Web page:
Brits eat approx. 40 – 60 kilo sugar (sucrose) per person per year in comparison to the approx. 2 kilo per person in 1750. Children consume a minimum of 1.5 kilo sweets and ice cream on average each month.

Let me be “crystal” clear - refining sugar cane and beet produces a sweetener 50 % of which is a potential poison for the body and the availability of it means that we can (and do) add sucrose to everything – and therein lies the root of obesity, diabetes, sugar dependency and much more.

Sweetness is like no other taste, right up our alley, we like it immediately we enter this world. Maybe because breast milk is so sweet, or maybe it’s our  ’ pre-historic instinct’, that subconsciously prefers food that taste sweet – food we know can be stored in the body and thereby help us through times where food is scarce. Never the less mans taste buds perceive sugar as sweet.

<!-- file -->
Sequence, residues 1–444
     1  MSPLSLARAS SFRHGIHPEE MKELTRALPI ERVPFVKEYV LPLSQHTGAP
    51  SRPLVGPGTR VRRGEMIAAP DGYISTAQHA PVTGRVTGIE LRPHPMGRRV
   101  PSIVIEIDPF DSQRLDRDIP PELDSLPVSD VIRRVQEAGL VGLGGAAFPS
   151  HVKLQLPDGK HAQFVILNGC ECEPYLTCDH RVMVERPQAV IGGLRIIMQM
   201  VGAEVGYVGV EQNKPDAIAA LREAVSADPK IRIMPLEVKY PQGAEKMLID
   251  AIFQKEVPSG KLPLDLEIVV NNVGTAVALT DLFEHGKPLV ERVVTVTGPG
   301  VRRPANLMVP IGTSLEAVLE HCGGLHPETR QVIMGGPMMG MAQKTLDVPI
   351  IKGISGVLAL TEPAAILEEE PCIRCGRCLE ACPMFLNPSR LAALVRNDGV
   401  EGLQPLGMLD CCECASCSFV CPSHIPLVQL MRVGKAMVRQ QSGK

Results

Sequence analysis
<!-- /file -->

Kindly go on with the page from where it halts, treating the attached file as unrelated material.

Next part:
As long as the sweet taste originates from nature’s lavish buffet will the quality, combination and amount of glucose and fructose always be suitable. Challenges begin when refined sugar – sucrose is added to our foods.

Let me repeat that – ”challenges begin when refined sugar – sucrose is added to our foods”.

Sugar biochemistry

A calorie is not just a calorie – especially when we’re talking about sugar.

A calorie of glucose is not the same as a calorie of fructose, they are metabolized (broken down) very differently in the body and produce to very different results.

All cells break down and burn glucose, which results in the production of energy (ATP) and smaller amounts are converted to fat.

On the other hand only the liver can breakdown fructose and it is metabolized in the same way the liver metabolizes alcohol and fat, though alcohol can be metabolized in the brain, which creates the desired ”buzz”. Both, fructose and alcohol breakdown, results in the making of large amounts of fat and other waste products.